Nutrition

What is the difference between square and round hay bales?

Ask most anyone what hay is, and they will tell you something like “dried grass that is fed to cows and horses during the winter.” Everyone has seen, either in real-life or on TV, cattle or horses being fed hay. It’s easy to confuse hay with straw – also used on farms. Hay is a highly valuable crop, one with good nutritive value for animals. Here’s a blog that might clear up that topic for you!

Hay production has seen dramatic changes over the last 50 years. The hay itself – alfalfa and grasses – has increased in nutritive value. And, there are  even changes in how it’s baled.

Man in barn lifting a square bale; many square bales behind him

Square bales can weigh 50-60 pounds. They must be loaded to a trailer by human labor, then moved to a barn, where they are unloaded and stacked – again by humans. It’s hard work! Credit: Rachel Leege

Back in the 1950s and 60s, most hay was put up in square bales. These rectangular-shaped bales usually weighed 50-60 pounds. They were shaped in a way that they could be stacked in a hayloft or barn until they were needed. Farmers cut hay in the field and let it dry for several days in the sun. Then they raked the dried hay into rows and ran baling equipment over the rows. This produced the bales. Storage is key to keeping this crop ready to be fed to animals in the winter.

Starting in the 1970’s new machinery caused a revolution in hay making. Large round balers became available so that now, much of the hay put up across the country is in large, round bales. The round bales can weigh 1000 pounds or more.

tractor on green field with round bales behind

Farmers started using large, round baling equipment to reduce human labor in the 1970s. The hay is cut, left to dry, then raked into rows. The baler rolls the hay into the large, round bales. Credit: John Schutte

The only difference between square and round bales is the type of machinery used. The shape of the bale won’t influence the nutrient content of the hay.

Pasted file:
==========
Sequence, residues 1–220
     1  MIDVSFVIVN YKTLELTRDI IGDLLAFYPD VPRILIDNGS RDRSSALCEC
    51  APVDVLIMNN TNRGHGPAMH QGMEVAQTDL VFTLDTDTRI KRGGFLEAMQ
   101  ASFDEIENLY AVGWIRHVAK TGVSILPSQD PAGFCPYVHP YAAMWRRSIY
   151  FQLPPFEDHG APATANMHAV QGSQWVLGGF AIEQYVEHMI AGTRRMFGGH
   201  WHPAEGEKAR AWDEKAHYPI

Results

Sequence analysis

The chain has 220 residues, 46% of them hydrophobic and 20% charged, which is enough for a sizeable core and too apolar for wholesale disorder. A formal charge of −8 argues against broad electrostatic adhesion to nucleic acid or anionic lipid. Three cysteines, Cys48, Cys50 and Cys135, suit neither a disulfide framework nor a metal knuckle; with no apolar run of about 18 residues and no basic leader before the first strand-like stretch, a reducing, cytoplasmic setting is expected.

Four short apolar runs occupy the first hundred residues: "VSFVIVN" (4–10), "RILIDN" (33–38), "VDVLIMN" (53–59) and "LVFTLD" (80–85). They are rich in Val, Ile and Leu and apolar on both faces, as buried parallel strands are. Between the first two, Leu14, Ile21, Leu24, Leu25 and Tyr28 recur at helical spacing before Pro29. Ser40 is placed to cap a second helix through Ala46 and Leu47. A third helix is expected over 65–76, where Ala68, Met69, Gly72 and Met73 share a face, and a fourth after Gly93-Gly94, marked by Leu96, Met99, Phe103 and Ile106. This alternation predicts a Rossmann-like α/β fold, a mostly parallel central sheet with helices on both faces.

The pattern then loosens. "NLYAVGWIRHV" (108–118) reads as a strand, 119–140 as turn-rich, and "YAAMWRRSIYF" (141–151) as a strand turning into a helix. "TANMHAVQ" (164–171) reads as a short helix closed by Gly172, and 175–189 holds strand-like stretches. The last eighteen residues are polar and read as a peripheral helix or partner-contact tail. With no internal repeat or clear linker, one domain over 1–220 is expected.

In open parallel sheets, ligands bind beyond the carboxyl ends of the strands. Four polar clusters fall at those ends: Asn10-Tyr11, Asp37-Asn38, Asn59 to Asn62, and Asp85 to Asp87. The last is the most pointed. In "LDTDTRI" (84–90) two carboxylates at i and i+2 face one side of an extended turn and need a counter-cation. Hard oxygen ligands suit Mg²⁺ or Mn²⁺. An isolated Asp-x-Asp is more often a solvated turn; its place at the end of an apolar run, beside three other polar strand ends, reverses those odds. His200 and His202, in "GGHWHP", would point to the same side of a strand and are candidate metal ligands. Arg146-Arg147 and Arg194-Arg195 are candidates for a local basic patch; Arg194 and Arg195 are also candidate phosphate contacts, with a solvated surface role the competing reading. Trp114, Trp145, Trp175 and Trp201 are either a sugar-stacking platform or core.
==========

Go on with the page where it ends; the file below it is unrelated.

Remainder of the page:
Why have most of hay producers changed from making small square bales to large round bales? It is primarily due to the labor requirements for making the smaller bales. Those bales must be picked up from the field, moved on a trailer, then stacked in a barn for storage. Ask anyone who has had that job, and you will quickly realize it is hard, time-consuming work.

Round bales have the same amount of hay as about twenty square bales. They are designed to be moved using tractors. Instead of having to move twenty square bales out of the field, into the barn, then back out to the cattle during the winter, one large bale is moved with a tractor.

Three round bales of hay on green grass with blue sky

Large round bales of hay can weigh more than 1,000 pounds and contain as much hay as 20 square bales. Credit: SV Fisk

The technology to make large round bales has taken a job that might take three or four people and made it a one-person job. For a farmer who may use or sell several hundred round bales during the winter, that makes a big difference in time and money.

There are hay producers who continue to produce small square bales. Most of them do this primarily for the convenience of customers that buy their hay. If someone has a horse and needs hay, small square bales are a more acceptable size for use. But for people that feed large amounts of hay, round bales are the norm. Even though round balers may cost twice as much as a square baler, the labor savings during hay baling and feeding more than make up for the extra expense of the machine.

The next time you drive along a country road filled with large round bales of hay, remember that advances in technology haven’t just happened in computers, medicine and industry. Technology has also impacted agriculture.

Answered by Gary Bates, The University of Tennessee

About us: This blog is sponsored and written by members of the American Society of Agronomy and Crop Science Society of America. Our members are researchers and trained, certified, professionals in the areas of growing our world’s food supply while protecting our environment. We work at universities, government research facilities, and private businesses across the United States and the world.

Categories: Nutrition, Sustainability

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